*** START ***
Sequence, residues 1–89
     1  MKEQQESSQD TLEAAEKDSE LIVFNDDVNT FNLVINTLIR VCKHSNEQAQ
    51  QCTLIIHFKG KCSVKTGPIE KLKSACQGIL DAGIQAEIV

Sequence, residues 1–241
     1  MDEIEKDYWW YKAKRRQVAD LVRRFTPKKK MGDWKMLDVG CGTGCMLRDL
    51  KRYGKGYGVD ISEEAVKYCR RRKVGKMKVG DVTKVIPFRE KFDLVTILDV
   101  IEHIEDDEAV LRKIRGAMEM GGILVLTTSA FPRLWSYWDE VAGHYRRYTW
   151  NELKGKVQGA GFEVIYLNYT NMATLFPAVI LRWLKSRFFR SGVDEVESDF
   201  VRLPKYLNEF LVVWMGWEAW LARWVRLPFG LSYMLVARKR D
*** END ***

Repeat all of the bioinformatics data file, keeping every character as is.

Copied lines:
Sequence, residues 1–89
     1  MKEQQESSQD TLEAAEKDSE LIVFNDDVNT FNLVINTLIR VCKHSNEQAQ
    51  QCTLIIHFKG KCSVKTGPIE KLKSACQGIL DAGIQAEIV

Sequence, residues 1–241
     1  MDEIEKDYWW YKAKRRQVAD LVRRFTPKKK MGDWKMLDVG CGTGCMLRDL
    51  KRYGKGYGVD ISEEAVKYCR RRKVGKMKVG DVTKVIPFRE KFDLVTILDV
   101  IEHIEDDEAV LRKIRGAMEM GGILVLTTSA FPRLWSYWDE VAGHYRRYTW
   151  NELKGKVQGA GFEVIYLNYT NMATLFPAVI LRWLKSRFFR SGVDEVESDF
   201  VRLPKYLNEF LVVWMGWEAW LARWVRLPFG LSYMLVARKR D